Tuesday, August 7, 2012

Why Digital Publishing is the Best Thing to Happen to Self-Published Authors

Even as writers and readers buzz in social media circles about the latest success story and unknown authors continue to leverage success through digital releases, the traditional publishing world has still been hesitant to jump fully on board.

Fortunately, many marketers and self-help gurus are leading the way with aggressive digitization of their books into e-books and offering them at heavy discounts (sometimes even for free!) which increasingly evens out the playing field in favor of independent authors exploiting the benefits of digital publishing.

While e-books are exploding in popularity, many aren't fully aware of what it is and whether or not they should be reading them, much less making them, and how to do either effectively.

Advantages of e-books and e-readers

The best thing going for readers in digital publishing is not the books, but the technology. The crispness of Apple's new retina display technology notwithstanding, dedicated e-readers from Amazon (Kindle) and Barnes & Noble (Nook) have embraced sophisticated digital ink technology, which doesn't rely on backlight and has a resolution twice as good as your typical laptop. This offers the reader an enjoyable reading experience without the eyestrain.

For authors, the game changer is the ease at which your book can be shared and marketed. Especially wonderful is that many e-book sellers let readers to download enough of the text to get hooked, anytime, anywhere.

E-books are quite easy to figure out, even your average reader will find it intuitive enough to obtain and use. You need only download those promotional Portable Document Format documents (PDFs) in exchange for an e-mail address or head over to the distributor of your choice, such as Amazon, Barnes & Noble, or Apple. Readers with voracious appetites for books may find this a bit more confusing as a multitude of competing formats vying for the attention of a number of platform specific devices have flooded the market.

Formats and formatting

Although there is a standard format, EPUB, as recommended by the International Digital Publishing Forum, here is where the story gets complicated. A quick look at the Wikipedia page on e-book formats leaves one with the impression that the wheel has been created, recreated, beaten into a horseshoe, and then melted into ball. Some are out-of-date, such as Microsoft's LIT while others are common in specialty areas such as science or are utilitarian formats, such as Microsoft Office document formats PDF and web-style HTML.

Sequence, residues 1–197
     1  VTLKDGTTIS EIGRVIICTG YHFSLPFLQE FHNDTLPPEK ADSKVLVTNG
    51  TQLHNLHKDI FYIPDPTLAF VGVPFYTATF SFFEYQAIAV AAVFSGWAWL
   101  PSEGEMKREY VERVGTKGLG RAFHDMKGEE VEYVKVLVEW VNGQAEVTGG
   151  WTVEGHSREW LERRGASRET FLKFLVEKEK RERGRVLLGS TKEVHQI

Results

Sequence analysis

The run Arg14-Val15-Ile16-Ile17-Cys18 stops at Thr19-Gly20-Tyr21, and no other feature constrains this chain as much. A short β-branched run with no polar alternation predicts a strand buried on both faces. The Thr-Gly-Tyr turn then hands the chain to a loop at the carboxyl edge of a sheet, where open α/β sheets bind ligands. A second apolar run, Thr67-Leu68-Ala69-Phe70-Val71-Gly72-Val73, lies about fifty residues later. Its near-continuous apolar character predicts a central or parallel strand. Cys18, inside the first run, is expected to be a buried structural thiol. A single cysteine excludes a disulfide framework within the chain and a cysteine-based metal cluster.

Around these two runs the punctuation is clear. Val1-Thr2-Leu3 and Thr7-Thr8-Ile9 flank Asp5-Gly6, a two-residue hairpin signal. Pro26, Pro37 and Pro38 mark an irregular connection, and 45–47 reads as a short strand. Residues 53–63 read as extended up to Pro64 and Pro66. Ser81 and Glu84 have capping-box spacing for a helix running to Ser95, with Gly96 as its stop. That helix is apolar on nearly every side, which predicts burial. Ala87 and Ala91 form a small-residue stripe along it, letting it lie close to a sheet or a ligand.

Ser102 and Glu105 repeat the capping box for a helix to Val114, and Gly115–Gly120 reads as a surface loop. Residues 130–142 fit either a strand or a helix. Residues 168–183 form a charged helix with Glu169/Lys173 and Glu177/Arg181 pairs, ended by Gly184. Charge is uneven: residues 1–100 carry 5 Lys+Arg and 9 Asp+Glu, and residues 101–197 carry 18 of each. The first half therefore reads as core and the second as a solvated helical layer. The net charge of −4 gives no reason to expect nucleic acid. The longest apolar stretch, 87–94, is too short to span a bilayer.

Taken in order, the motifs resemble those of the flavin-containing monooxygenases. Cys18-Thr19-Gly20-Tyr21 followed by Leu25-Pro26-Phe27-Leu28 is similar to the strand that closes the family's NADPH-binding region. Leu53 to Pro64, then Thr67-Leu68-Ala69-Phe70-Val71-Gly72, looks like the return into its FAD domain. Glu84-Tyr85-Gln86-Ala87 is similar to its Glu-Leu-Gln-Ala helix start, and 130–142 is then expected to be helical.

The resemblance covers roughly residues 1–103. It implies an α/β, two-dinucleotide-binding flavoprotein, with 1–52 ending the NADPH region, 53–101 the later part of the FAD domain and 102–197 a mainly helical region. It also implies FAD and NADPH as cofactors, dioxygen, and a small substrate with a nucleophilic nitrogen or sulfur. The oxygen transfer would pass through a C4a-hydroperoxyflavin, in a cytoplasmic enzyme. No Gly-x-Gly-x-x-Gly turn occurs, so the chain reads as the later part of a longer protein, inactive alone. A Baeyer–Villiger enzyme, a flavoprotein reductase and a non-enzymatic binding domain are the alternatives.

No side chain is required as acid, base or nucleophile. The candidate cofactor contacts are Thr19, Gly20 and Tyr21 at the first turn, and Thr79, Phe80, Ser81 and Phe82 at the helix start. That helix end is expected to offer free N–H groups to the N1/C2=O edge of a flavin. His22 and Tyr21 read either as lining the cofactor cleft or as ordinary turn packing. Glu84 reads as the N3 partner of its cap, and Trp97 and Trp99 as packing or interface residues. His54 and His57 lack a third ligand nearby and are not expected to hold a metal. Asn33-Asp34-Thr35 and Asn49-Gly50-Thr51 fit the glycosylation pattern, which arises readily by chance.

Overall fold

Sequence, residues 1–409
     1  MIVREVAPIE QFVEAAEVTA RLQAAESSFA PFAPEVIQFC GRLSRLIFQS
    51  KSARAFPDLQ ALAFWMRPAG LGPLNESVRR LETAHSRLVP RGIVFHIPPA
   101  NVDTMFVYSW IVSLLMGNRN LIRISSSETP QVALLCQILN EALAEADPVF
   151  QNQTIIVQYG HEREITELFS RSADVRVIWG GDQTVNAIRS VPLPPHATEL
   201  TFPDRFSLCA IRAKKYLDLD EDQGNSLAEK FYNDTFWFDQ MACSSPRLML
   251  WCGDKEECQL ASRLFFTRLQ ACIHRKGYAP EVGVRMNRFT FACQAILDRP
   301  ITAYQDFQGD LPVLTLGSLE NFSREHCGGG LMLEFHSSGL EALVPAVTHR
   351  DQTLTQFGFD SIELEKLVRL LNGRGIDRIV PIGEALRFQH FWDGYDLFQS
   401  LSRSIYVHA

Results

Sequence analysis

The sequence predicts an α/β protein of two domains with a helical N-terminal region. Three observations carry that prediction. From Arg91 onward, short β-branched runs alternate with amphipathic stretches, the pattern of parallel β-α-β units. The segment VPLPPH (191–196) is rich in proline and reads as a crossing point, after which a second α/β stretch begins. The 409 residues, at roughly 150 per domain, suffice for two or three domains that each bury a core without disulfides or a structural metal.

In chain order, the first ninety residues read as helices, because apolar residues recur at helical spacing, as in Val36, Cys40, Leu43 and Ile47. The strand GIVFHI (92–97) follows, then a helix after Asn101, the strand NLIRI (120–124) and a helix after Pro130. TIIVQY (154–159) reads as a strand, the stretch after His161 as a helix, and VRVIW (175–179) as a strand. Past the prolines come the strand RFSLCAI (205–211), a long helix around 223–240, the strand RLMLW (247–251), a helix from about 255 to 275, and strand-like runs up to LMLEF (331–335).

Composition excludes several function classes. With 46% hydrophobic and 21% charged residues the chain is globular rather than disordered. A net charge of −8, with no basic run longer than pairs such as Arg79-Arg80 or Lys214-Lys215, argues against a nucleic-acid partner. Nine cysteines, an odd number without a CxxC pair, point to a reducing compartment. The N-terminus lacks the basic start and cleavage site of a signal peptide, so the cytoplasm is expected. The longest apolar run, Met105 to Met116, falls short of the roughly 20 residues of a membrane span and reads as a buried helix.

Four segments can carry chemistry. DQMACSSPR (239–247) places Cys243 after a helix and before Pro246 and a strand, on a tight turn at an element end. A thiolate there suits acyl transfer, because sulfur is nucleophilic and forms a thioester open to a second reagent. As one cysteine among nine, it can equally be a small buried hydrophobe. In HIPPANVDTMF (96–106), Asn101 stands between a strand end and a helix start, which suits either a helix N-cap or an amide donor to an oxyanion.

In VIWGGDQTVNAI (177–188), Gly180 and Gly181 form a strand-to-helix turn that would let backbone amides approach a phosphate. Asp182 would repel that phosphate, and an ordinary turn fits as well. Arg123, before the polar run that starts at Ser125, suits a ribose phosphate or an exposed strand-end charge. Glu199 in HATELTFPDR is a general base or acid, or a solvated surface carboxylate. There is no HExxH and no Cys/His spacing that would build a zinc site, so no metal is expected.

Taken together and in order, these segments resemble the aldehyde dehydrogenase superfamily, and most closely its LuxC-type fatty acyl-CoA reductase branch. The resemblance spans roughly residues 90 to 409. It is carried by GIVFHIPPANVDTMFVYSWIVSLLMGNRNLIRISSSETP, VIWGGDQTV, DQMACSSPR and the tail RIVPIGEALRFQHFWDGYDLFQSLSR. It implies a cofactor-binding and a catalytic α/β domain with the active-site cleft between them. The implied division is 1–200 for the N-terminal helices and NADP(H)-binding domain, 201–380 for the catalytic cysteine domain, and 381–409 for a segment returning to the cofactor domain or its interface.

What's the problem?

Keep in mind that static formats like PDFs or word documents usually don't translate well to portable devices due to display ratio, as anyone who has tried to open one on their smartphone can attest. The key is that e-books should work like web pages and utilize separate files to display content and color. There are no page breaks, so the content streams freely, giving an uninterrupted flow, and are easily resized.

Pads, Pods, Nooks, and Kindles-oh my!

Now, toss into the menagerie the penchant for corporations to favor proprietary technology, and the plot only thickens. The simplest way to get to the bottom of this is to list which formats the major e-book readers support:

• The Amazon Kindle supports AZW, TPZ, TXT, MOBI, PRC and PDF natively, HTML and DOC through conversion.
• Apple's iPad or other tablets can handle EPUB, PDF, HTML, DOC, plus iPad Apps, which could include Kindle and Barnes & Noble readers.
• The Barnes & Noble Nook can read EPUB, PDB, PDF.

Everybody supports EPUB as their primary e-book format, except for Amazon's Kindle. This is very important as presently Amazon is arguably the biggest retailer and publisher of digital content.

What about writers?

It's important to know that converting your manuscript to digital format is not a simple matter of drag and drop. Outside of getting really cozy with HTML and CSS so you can accurately translate the formatting and style to the text, it's best to hire a professional service, which iUniverse provides. Although there are some third-party options that will convert your word document into one of the popular e-book formats, prepare for results that could vary from acceptable to horrid. And while you can always convert your book to PDF, you are ignoring the advantages that book aficionados most love about their dedicated digital reader.

For more writing tips, head over to the iUniverse Writers Tips and learn from the experience of iUniverse Author Focus.


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